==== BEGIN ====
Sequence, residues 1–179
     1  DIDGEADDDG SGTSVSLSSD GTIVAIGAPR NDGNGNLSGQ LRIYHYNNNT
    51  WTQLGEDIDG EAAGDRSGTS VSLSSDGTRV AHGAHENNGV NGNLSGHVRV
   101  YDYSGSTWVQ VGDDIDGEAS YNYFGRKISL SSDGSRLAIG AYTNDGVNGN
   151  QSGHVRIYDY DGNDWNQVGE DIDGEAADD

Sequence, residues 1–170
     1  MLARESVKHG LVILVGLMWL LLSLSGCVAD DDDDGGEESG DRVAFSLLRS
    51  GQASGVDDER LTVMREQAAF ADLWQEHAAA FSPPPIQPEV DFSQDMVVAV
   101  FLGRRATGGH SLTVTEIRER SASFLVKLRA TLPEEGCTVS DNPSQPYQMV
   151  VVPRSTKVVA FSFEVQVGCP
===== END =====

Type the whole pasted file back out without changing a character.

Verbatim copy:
Sequence, residues 1–179
     1  DIDGEADDDG SGTSVSLSSD GTIVAIGAPR NDGNGNLSGQ LRIYHYNNNT
    51  WTQLGEDIDG EAAGDRSGTS VSLSSDGTRV AHGAHENNGV NGNLSGHVRV
   101  YDYSGSTWVQ VGDDIDGEAS YNYFGRKISL SSDGSRLAIG AYTNDGVNGN
   151  QSGHVRIYDY DGNDWNQVGE DIDGEAADD

Sequence, residues 1–170
     1  MLARESVKHG LVILVGLMWL LLSLSGCVAD DDDDGGEESG DRVAFSLLRS
    51  GQASGVDDER LTVMREQAAF ADLWQEHAAA FSPPPIQPEV DFSQDMVVAV
   101  FLGRRATGGH SLTVTEIRER SASFLVKLRA TLPEEGCTVS DNPSQPYQMV
   151  VVPRSTKVVA FSFEVQVGCP